How to Improve your Street Photography

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A picture can tell a thousand stories and being a street photographer is one of the most rewarding things that you could ever do.

Ever since the first camera was designed photographers have been recording our world. Each individual capturing their own different style.

Some shoot candid, some shoot with black and white some like to interact with their subject. But all are doing the same thing and that is recording our history.

Large pedestrian crossing street photograph
It Takes Time by Imahinasyon Photography on flickr (licensed CC-BY)

I used to do the candid shoots using an 18 - 270mm lens; I loved to look at the subject having a more natural look, going about their business with no staring into the camera.

These images do have a place in the photo world and can coexist with the images shot with a 50mm lens where you are much closer to your subject and sometimes have to have communication to get the shot your require.

A famous street photographer Robert Capa said "If your photos are not good enough it's because you're not close enough".

I must admit when I put down my zoom lens and started to shoot with a 50mm prime lens I was so impressed with the results it took me quite a while to put the zoom back on.

Street photo of a woman on a bike, taken using a 50mm lens
Vecia da corsa by Il conte di Luna on flickr (licensed CC-BY-SA)

It is always a bit daunting to go out and take pictures of people you have to be wise and cunning. My advice if you were starting out to take street images of people would be to find a local market that's really busy, you will less noticeable.

Plan your shoot for the busiest market day. Have a 50mm lens in your equipment bag. If you have a friend that would be willing to go on the shoot with you this could help build your confidence going onto the streets.

Start at the beginning of the market and as your walking through look for the most interesting situations as possible. If you see a trader about to take money from a client just lift the camera and shoot.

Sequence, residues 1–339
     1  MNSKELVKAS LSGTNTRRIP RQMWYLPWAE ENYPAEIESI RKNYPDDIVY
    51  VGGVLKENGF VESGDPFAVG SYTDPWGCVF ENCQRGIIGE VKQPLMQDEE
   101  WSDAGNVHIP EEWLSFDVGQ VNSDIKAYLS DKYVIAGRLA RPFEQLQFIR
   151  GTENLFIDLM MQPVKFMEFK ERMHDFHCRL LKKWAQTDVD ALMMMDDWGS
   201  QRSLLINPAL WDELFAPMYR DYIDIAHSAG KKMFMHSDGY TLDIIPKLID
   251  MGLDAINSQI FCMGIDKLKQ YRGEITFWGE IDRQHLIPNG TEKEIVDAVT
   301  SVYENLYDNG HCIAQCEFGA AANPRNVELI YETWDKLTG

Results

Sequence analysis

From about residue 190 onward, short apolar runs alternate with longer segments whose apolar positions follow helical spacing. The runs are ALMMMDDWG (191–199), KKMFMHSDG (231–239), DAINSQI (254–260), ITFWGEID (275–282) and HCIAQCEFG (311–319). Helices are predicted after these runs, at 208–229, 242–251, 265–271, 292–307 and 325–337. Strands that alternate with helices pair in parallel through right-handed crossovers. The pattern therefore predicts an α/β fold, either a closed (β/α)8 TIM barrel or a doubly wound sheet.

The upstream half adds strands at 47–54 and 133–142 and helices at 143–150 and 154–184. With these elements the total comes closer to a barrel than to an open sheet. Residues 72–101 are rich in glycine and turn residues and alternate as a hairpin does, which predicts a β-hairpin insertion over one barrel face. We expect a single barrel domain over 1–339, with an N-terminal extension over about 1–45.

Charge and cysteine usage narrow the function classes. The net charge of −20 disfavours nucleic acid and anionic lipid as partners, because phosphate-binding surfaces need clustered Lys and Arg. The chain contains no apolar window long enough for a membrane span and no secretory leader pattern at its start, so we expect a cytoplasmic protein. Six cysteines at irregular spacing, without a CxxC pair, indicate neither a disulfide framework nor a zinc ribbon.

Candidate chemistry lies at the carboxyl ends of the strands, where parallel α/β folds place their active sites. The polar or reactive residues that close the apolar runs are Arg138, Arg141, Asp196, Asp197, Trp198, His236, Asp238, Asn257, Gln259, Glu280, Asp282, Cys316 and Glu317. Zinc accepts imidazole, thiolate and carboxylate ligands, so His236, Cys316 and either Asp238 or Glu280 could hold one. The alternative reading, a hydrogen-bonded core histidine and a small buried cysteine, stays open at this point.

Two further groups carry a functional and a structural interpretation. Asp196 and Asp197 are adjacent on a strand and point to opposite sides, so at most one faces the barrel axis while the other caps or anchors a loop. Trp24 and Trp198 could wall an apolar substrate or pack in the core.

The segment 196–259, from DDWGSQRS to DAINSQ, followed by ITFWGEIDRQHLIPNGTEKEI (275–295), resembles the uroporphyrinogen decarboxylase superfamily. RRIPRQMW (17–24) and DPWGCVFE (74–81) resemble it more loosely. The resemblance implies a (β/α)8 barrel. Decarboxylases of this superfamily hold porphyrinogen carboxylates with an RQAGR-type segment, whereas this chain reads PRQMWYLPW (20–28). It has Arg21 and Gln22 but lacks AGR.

Street photograph of a market
Yangon_0498p by Stefan Munder on flickr (licensed CC-BY)

Interesting stalls and shops make good street images you only have to look back at some of the old black and white images from the 1960's of London markets that have captured time.

Don't be afraid to ask someone for permission to take their photograph, you will be surprised the amount of people who don't mind.

Tell them that you are a street photographer, give them your business card, tell them that they really look interesting and you would like to have a picture of them. You will get people who will say no and if that happens just walk away and do not let it affect your confidence as it is the law of averages, some will and some won't.

Black & white street photo of an elderly woman resting
22-9-2010 309/365 Elderly Women by fomu on flickr (licensed CC-BY)

I would advise you not to take an expensive camera bag out on your location shoots as this could give out a signal that you have expensive equipment. Risks assess all situations in your mind no matter how confident you are. This will help you to build confidence.

Decide what kind of style of photography you are going to adopt to show your images. Will it be black and white or will it be colour? Create your own workflow to get your images ready to show the world and the most important thing is to enjoy your photography.

About the Author

The company director for Photographing London

Street & Wedding Photographer
Senior Technical Analyst with Toyota (GB) PLC.
Living in London enjoying all that life brings.

Written by Guest

May 9th, 2012 at 11:07 am

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